What I’m Saving For: The Dark Side of Money Management
If you chose to read this blog post because you are saving for a new pair of boots or an Xbox, you’ve come to the wrong place. I want to scratch beneath the surface of basic money management and expose the dark side. You know - the things that don’t really scream dinner conversation.
When we’re young, we often say things like just have fun and live your life. The problem is, our minds might translate that to say "buy another round of drinks for your friends at the bar" or "buy that expensive outfit for one night out". That climbing credit card bill might seem like no biggie right now, but you don’t know when you’ll suddenly need to cope with something you never saw coming, both personally and financially.
A few big life events have left me with a much darker outlook on money management. I’ve had phases where I took saving money too seriously and wasn’t enjoying life because I was so focused on feeling financially secure. I’ve also experienced loss that made me wonder why I was saving in the first place because life is short.
I think it’s time that we stop glazing over the dark side of money management because - let’s face it - very few of us have it all figured out. Here are a few things I’m saving for that might make you avoid eye contact at the dinner table and question how you think about money.
I’m saving to support the people I care about
Let’s just say the effects of Calgary’s economic downturn hit me harder than I ever would have imagined. It can be easy to read stories in the news and feel detached because you never thought it would affect the people you love most. When someone close to you can’t find a job, it makes you feel completely powerless. You feel guilty for the moments that you took your own job security for granted or felt frustrated about not being able to take a trip when the people you love are struggling to pay everyday expenses. It’s not always reasonable to lend money to those who need it, but it is great to have the option to do so. Feeling like your hands are tied in any financial situation is unnerving.
I’m saving for the things that make me feel fulfilled
Travelling is the one thing that I prioritize every year. I know that I’ve received a few questioning stares when I say that I have planned yet another trip. I know there are people who don’t see travel as a necessary expense and consider it careless. Even after a few poor financial decisions, I still believe travelling is worth every cent. As great as it feels to have a hefty savings account to fall back on, I don’t love the idea of planning for life’s natural progression. Whether you’re saving to buy a house in 5 years, pay for your child’s tuition in 20 years, or retire in 40 years, there is no guarantee that any of those things are going to happen - simply because nothing in life is certain. I’m trying to balance saving for my life the way it is right now with saving for the future (whatever that future may be).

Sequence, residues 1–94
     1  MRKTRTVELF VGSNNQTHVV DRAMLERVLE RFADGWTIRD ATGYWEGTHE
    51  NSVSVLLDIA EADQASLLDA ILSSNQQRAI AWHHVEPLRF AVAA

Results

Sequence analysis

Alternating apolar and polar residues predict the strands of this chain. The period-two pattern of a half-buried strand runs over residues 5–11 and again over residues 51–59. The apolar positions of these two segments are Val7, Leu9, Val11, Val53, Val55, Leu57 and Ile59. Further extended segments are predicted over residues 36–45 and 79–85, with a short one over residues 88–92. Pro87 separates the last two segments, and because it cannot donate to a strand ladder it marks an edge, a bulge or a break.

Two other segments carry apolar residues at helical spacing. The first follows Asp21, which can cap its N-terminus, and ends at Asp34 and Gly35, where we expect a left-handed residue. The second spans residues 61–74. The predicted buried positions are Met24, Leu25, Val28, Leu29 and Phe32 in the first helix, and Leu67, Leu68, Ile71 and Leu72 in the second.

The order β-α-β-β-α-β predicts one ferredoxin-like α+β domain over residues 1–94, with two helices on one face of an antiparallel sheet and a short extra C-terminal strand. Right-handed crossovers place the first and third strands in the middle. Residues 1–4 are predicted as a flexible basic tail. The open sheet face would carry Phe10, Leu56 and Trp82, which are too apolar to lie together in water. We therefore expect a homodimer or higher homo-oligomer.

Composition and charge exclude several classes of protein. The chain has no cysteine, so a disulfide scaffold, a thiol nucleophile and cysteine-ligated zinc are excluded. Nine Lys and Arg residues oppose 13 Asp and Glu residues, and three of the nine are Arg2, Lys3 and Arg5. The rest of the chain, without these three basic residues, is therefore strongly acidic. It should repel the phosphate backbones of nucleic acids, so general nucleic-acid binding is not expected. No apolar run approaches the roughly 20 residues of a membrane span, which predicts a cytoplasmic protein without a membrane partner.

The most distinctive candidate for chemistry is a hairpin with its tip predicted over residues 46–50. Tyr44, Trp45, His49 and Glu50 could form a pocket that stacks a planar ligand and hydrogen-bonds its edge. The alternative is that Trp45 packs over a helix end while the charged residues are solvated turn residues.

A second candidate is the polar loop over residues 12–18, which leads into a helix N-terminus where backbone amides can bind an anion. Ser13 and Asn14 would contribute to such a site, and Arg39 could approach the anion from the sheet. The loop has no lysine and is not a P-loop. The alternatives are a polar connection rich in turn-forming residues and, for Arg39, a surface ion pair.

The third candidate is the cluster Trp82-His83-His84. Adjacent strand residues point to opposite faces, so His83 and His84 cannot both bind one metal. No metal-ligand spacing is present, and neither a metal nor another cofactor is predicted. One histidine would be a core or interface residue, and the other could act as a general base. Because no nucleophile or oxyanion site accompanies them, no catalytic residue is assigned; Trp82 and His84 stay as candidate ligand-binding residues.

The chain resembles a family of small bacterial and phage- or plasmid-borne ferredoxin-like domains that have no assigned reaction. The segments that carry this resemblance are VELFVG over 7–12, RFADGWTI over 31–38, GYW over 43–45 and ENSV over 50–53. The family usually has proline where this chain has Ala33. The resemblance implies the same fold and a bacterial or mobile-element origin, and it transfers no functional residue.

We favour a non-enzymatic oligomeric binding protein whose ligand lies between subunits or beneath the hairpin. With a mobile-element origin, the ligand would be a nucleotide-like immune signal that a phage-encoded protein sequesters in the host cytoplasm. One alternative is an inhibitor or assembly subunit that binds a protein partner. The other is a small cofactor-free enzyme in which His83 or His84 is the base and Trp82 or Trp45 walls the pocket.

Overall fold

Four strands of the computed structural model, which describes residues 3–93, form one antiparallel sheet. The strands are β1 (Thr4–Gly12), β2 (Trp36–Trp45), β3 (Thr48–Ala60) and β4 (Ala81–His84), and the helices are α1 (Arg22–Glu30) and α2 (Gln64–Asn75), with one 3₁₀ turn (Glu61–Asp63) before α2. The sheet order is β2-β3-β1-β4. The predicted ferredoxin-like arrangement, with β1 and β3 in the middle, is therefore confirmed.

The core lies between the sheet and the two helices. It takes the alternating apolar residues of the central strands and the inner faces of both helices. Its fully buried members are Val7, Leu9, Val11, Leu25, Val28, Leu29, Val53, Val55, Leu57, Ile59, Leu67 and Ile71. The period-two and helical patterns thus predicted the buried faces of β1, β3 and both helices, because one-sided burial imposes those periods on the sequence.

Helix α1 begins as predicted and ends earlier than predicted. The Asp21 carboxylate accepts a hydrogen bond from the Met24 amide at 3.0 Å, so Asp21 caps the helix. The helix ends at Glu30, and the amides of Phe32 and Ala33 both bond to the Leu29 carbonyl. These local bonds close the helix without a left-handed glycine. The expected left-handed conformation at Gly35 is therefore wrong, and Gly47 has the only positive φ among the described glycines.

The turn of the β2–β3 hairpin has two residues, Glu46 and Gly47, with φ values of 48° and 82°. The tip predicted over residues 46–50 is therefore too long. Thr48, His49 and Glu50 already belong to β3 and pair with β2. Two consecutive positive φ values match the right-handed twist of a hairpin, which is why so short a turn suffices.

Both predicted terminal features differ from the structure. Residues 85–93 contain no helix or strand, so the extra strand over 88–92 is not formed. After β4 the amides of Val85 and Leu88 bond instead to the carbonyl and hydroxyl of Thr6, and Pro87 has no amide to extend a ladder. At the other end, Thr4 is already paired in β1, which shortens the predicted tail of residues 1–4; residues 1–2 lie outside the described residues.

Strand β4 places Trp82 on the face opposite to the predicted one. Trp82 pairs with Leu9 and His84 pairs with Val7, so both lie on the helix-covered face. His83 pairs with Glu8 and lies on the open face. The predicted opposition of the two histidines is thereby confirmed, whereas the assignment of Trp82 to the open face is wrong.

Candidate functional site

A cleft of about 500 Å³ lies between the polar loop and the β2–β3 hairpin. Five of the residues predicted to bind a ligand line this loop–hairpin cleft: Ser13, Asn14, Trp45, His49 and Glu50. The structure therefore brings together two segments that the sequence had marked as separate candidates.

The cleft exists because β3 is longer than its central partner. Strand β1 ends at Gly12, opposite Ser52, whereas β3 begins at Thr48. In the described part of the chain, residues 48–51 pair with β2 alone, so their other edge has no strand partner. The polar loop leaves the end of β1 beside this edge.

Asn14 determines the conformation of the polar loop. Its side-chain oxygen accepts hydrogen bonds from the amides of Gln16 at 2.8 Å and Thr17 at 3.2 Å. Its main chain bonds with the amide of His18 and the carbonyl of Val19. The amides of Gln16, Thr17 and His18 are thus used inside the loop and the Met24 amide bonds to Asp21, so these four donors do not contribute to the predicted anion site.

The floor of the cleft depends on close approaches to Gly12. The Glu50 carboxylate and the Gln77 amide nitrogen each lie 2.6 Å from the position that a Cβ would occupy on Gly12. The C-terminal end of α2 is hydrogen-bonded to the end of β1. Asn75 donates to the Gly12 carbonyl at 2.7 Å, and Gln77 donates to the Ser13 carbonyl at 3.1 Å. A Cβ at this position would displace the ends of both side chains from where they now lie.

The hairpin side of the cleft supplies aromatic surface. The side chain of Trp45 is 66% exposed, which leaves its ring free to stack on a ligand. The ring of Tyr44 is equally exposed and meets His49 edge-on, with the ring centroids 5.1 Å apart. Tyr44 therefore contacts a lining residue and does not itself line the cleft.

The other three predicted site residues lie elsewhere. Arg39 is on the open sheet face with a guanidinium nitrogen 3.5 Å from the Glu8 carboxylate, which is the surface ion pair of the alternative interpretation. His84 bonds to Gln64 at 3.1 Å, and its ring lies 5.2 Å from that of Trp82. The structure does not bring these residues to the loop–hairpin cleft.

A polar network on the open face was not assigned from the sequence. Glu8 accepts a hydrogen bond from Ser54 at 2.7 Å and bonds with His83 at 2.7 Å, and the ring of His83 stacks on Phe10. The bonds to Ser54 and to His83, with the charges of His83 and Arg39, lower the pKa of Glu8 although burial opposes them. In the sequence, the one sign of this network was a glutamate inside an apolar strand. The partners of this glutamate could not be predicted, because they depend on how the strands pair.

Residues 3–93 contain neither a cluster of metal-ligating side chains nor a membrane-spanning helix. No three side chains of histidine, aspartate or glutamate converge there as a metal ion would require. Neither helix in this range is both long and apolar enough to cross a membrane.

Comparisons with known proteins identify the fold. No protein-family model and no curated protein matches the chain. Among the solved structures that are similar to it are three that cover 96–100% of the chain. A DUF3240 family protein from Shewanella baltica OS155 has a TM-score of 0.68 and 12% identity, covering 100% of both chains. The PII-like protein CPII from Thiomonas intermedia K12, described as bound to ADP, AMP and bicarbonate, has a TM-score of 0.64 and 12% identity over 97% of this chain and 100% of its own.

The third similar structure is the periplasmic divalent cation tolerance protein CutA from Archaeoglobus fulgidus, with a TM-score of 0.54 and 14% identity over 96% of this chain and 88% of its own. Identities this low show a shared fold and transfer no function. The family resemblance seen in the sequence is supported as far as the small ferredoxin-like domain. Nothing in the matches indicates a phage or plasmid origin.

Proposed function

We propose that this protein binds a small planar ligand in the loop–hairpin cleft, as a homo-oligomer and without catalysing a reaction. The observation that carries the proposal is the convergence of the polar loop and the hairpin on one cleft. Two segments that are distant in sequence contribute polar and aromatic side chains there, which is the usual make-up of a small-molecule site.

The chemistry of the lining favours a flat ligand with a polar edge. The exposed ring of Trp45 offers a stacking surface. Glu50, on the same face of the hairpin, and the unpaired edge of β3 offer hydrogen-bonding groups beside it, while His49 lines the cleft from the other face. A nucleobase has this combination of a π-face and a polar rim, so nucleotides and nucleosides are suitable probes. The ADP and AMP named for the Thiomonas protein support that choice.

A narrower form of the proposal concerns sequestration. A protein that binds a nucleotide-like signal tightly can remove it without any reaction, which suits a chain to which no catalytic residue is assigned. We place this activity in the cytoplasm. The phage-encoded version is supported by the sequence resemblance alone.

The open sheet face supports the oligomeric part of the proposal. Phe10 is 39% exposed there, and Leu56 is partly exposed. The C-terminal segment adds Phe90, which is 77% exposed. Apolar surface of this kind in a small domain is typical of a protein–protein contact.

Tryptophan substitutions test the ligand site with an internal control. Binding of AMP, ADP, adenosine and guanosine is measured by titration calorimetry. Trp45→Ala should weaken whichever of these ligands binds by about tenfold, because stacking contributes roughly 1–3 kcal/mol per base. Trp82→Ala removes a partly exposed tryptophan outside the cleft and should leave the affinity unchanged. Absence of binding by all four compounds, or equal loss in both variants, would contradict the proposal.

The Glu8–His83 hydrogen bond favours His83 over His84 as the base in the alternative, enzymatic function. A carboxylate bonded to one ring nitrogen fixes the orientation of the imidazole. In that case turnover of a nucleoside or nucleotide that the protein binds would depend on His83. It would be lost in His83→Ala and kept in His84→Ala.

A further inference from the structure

I’m saving for the emergency fund I never thought I would need
When you’re young and just starting your career it can be really hard to get ahead. You’re paying for student loans, rent, a car payment and you’re usually just figuring it out as you go. Putting a couple hundred bucks aside for your savings can seem nearly impossible. After a tough year of family and personal health issues, I decided to book a three week trip to Europe after I had already planned a week long trip to California. I was in the euphoric just live your life phase. I knew money would be tight after my trips were over, but I decided that I would make it work. When I was dealing with the aftermath of a drained bank account, I found out that I would be out of work in 3 months. After only a few weeks of being unemployed, I found myself crying on my bathroom floor feeling paralyzed because I didn’t know where my next paycheck would come from. I had no flexibility to help anyone else, including myself. That fueled the fire to put all of my energy into my job search, which is how I landed a new job exactly one month later. The thing is, I really wish I have saved an emergency fund because I’m still struggling to get back on my feet 6 months later.
I’m saving for all aspects of life
This is my number one goal. Our economy needs to diversify to thrive, and so do we. No I’m not talking about investment portfolios or anything super adult like that. In my mind, diversifying financially can simply mean being prepared for anything. You don’t need to save for every possible life event, but you do need to have diverse savings goals that will help you and your loved ones get out of an emergency, allow you to take the trip you’ve been dreaming about, and set yourself up to accomplish long term goals like retiring or buying a house. Being a little bit prepared for a few different things means you won’t take as hard of a hit if one thing doesn’t go as planned.
The biggest thing I’ve learned is that it’s important to be transparent about your finances when you are working towards a goal or struggling with your money. Your friends may seem like they have it all together, but you might be surprised by the state of their bank account. By being more open about the less glamorous side of money management, we can be more supportive of one another and more realistic about what we spend our money on.
After I figure out this whole balance thing, I’ll start saving for some new shoes…